“There are 141 projects, all with different definitions, all defining climate-smart in their own way. It really opens it up to greenwashing,” said Ben Lilliston, director of rural strategies and climate change for the Institute for Agriculture and Trade Policy, a research group in Minneapolis.
Silvia Secchi, professor in the department of geographical and sustainability sciences at the University of Iowa, said the USDA has declined to turn over requested documents about the projects. “They said the reason was to protect confidential business information,” Secchi said. “They’re spending billions of public dollars. What about this program is so sensitive?”
The skeptics also point out that previous transformations in agriculture have come with painful and counter-productive consequences. Widespread adoption of pesticides, nitrogen fertilizers, and concentrated livestock feeding operations, for instance, led to extensive pollution of waterways, decimated soil health, killed off important pollinator species, and exposed people to toxins known to cause cancer and other diseases.
Evolution of “Climate-Smart”
The notion that modifying agricultural approaches could reduce carbon emissions took root over a decade ago. In 2010, the Food and Agriculture Organization of the United Nations introduced the concept of “climate-smart agriculture” and its carbon-reducing objectives in an influential report that was widely read in Washington and other world capitals.
The Obama administration got interested. Vilsack, who was serving his first stint as agriculture secretary, collaborated with John Kerry, then secretary of state and now President Biden’s special envoy for climate, to establish the Global Alliance for Climate-Smart Agriculture. It was introduced as an FAO project at the UN in 2014.
After four years of being ignored by the Trump administration, climate-smart farming became relevant again to the Biden Administration. A week after his inauguration, President Biden issued an executive order “to implement a Government-wide approach that reduces climate pollution in every sector of the economy.”
Recipients are thrilled to see funding coming their way. More than $300 million is directed to sustainable and organic farm projects, by far the most money the USDA has ever spent to bring environmentally sensitive farming into the mainstream.
But many millions more are earmarked for projects that support conventional farmers and related businesses. Among the large grants was $30 million awarded to Gevo, a Colorado renewable energy developer that is building a $875 million ethanol plant in South Dakota to produce fuel for airlines. The grant provides a 25 cents to 50 cents per bushel bonus to corn growers to supply 35 million bushels needed to produce 65 million gallons of what the USDA calls “low-carbon intensity sustainable aviation fuel.” Gevo’s contracts require farmers to grow corn using “carbon-reducing practices.”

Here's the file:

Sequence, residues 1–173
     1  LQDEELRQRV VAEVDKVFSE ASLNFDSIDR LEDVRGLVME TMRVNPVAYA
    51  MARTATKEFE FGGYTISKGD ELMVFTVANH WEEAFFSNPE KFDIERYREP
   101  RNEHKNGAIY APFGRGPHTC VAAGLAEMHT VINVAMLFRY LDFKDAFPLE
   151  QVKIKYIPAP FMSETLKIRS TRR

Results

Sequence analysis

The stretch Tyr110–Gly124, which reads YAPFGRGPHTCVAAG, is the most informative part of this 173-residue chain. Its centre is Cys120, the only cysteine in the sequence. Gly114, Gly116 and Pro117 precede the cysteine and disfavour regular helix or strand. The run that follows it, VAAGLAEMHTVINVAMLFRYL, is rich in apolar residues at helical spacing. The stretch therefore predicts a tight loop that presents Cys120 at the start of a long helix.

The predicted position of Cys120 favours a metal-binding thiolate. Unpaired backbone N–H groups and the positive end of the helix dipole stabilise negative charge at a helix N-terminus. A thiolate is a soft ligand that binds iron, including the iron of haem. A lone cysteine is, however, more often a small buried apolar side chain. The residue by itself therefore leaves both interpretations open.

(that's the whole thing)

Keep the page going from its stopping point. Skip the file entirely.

Those practices include time-honored approaches such as planting cover crops to build soil fertility, not plowing to keep carbon bound up in soil, and applying less fertilizer. They come with the extra benefits of controlling soil erosion, and in some limited cases, helping keep farm nutrients from running off into waterways.
An even larger grant of $80 million was awarded to Roeslein Alternative Energy, a Missouri company collaborating with Iowa State University, the Nature Conservancy, and 12 other groups to grow corn and soybeans, raise cattle and hogs, and produce methane from manure. The project’s innovative feature is to pay producers to plant grasses to restore prairies, and then harvest them to feed into biodigesters to produce a methane-rich biogas that can be converted to renewable natural gas. Remaining solids can be spread as fertilizer on farm fields, according to the company.
“There is so much opportunity right now in agriculture for energy,” said Roeslein spokesman Brandon Butler. “It’s figuring out how it’s sustainable. We’re at the forefront. Being able to digest biomass into clean, renewable energy coming from the Heartland.”
This report, co-published with Circle of Blue and The New Lede, is made possible by investigative reporting fellowships awarded by the Alicia Patterson Foundation and the Fund for Investigative Journalism. It is part of Toxic Terrain, an ongoing series looking at the consequences of industrial farm practices on the environment and public health.